Chamber Music.London: Elkin Mathews, 1907 Stock Code: 140266
Inscribed on his card, "As you were kind enough to write me often about my book"First edition, first impression, in the first issue binding, presentation copy with Joyce's inscribed card inserted. The inscription reads: "Dear Mr Simson, As you were kind enough to write me often about my book."
Theodore Spicer-Simson was an American medallist, painter, sculptor and illustrator. Born in Le Havre, he first met Joyce in Paris in 1903. Two letters to him from Joyce are printed in Ellmann's edition of the Letters. The first was written in 1910 when Joyce was correcting the proofs of Dubliners, apologising for not being able to attend an evening in honour of Laurence Sterne. The second was in 1922 in reply to Spicer-Simson's request for a sitting for a medallion to be reproduced in his Men of Letters of the British Isles, New York 1924.
On 8 June 1910, Joyce wrote to Simson, apologising for missing him on a brief trip to Paris, adding: "I enclose some extracts of press reviews of a book of my verses which came out in London some three years ago. I regret that it is so incomplete as I forgot to have the later ones added." The enclosure was the leaflet "Press Notices of Chamber Music", which Joyce had printed in Trieste in spring 1910. It is a reasonable assumption that this prompted Simson to ask where he might procure a copy of Joyce's poetry, evidently unknown to him until that date, and Joyce sent him this copy with his card. The book Joyce refers to in his inscription is probably Dubliners.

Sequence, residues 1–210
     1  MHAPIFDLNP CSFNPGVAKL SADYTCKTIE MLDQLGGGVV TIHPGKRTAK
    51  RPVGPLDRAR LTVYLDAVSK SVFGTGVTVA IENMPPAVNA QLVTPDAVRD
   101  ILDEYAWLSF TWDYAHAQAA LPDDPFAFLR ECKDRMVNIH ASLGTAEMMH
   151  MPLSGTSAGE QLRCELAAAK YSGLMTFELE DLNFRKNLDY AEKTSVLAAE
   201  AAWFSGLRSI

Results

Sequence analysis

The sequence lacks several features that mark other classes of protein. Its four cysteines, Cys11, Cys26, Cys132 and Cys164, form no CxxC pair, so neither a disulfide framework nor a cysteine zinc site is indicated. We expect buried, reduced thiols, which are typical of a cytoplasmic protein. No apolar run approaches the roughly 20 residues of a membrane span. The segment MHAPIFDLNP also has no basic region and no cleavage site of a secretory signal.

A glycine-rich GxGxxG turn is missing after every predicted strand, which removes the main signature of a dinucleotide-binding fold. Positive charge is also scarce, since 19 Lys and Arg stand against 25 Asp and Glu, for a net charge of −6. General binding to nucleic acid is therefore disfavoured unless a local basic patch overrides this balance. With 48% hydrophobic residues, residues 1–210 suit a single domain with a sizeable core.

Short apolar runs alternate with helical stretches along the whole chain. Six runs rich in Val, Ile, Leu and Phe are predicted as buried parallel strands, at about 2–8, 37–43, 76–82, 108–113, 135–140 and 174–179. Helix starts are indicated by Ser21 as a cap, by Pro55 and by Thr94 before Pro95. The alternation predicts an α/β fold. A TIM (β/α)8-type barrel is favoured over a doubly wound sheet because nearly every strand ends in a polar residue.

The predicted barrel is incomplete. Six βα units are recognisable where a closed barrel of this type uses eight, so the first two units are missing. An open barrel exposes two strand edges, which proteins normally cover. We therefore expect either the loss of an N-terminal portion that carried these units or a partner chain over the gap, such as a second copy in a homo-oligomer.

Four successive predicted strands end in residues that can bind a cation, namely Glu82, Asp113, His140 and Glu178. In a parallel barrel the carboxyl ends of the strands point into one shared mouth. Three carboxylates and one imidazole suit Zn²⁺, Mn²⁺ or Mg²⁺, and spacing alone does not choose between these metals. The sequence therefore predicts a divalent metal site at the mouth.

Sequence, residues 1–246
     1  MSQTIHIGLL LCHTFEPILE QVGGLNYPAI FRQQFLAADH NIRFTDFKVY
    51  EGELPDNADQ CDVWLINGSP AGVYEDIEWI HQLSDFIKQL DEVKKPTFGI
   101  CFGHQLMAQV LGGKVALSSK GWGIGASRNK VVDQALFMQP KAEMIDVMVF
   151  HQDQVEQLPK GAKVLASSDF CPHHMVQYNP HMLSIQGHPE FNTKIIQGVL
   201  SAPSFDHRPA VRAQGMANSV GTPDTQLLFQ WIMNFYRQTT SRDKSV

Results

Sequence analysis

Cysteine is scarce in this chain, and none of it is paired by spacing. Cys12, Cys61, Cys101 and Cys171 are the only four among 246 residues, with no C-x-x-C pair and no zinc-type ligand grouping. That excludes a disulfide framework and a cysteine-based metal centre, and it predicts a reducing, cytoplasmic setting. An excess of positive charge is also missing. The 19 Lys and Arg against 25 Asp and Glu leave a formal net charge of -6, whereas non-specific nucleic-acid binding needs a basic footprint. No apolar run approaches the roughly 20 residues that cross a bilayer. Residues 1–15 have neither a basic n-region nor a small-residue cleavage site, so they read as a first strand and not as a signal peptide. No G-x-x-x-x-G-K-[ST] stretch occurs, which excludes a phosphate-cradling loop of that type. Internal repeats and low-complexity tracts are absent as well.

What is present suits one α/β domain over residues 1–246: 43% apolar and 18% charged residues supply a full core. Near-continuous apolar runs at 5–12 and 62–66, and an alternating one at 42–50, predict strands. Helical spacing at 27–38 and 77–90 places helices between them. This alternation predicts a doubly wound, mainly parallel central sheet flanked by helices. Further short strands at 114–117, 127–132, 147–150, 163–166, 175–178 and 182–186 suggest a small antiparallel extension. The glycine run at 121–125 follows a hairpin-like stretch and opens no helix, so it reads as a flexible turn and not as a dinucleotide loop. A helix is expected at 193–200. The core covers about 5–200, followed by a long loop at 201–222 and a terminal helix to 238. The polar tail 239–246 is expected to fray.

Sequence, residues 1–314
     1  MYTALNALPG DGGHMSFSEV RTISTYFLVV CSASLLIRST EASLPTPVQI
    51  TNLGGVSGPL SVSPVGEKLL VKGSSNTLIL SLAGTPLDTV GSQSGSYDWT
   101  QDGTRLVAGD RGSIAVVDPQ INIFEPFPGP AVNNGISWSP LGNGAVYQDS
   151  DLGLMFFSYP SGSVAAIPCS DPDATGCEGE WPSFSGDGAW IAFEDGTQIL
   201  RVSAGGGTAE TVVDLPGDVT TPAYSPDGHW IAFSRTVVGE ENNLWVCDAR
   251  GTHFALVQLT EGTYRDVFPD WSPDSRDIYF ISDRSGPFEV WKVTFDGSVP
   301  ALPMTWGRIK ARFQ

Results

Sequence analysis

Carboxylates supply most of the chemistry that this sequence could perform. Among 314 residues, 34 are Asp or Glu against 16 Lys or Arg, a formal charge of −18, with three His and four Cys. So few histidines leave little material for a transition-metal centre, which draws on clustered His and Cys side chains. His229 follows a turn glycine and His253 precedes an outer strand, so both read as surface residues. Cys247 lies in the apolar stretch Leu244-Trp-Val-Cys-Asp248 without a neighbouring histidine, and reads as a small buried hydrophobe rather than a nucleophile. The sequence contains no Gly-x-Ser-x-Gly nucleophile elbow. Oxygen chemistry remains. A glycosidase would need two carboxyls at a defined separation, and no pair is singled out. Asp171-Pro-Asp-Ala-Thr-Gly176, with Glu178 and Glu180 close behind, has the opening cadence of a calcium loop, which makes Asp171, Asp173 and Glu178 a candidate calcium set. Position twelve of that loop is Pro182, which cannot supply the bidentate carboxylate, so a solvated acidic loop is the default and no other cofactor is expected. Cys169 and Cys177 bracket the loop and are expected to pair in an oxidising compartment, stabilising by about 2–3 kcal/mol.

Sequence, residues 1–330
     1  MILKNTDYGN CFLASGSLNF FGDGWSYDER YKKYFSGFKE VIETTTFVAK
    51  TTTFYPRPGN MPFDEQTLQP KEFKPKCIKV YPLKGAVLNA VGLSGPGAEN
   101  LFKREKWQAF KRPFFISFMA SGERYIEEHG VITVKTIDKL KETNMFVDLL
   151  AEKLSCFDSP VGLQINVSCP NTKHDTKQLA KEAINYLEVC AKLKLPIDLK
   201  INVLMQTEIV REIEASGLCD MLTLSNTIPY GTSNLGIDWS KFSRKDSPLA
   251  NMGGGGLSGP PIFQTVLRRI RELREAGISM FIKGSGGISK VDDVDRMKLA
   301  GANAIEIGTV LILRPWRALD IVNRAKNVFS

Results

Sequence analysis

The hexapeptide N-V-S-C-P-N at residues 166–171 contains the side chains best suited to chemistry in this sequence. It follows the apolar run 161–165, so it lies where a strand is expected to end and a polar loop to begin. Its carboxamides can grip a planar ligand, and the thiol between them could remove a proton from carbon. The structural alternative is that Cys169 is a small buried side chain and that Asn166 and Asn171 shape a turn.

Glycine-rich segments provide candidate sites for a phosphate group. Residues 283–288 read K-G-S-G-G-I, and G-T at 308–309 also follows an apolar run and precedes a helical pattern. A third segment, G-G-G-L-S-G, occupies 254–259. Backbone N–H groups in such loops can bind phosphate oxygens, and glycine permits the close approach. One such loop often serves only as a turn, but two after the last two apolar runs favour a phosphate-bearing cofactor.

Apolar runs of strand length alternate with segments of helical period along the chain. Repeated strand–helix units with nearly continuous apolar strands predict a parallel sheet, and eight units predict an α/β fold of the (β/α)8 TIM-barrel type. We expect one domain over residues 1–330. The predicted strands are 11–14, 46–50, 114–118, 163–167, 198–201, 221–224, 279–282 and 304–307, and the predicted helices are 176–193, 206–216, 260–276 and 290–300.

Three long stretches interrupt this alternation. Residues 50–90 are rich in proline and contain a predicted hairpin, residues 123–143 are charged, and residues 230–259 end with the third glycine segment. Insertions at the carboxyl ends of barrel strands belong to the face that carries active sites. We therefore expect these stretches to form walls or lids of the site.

The publishing history of Chamber Music is well documented but has some lacunae. The book was published on 10 May 1907 in an edition of 500 copies, but Mathews did not bind all copies at once. There have been various guesses as to how many he first bound. It was probably somewhere between the 205 copies which he accounted for in July 1908 and 300, the threshold after which Joyce was due a royalty. In Trieste, Joyce set about selling or giving away copies himself; he distributed 64 copies between 7 September 1909 and February 1913. This burst of activity prompted Mathews to bind up some of the remaining sheets in or about 1911. The earliest copy we can trace of the second issue inscribed by Joyce is dated 25 October 1911, though he had at least one copy of the first issue still on hand a year later.
This first issue is the largest of the three (162 x 110 mm), in a slightly lighter shade of green cloth, and has thick laid endpapers with horizontal chain lines and the poems in signature C well centred on the page. The second and third issues are each trimmed slightly smaller, and the poems in signature C are consequently poorly centred (that is, the upper and lower margins are unequal). The second variant has thick wove endpapers, the third has thin wove transparent endpapers.
Small octavo. Original green cloth, spine and front cover lettered in gilt. With the original glassine. Housed in green morocco slipcase and chemise.
Illustrated title page.
Glassine chipped. Very light foxing to edges and contents, still a near-fine copy, the cloth clean, bright, and fresh.
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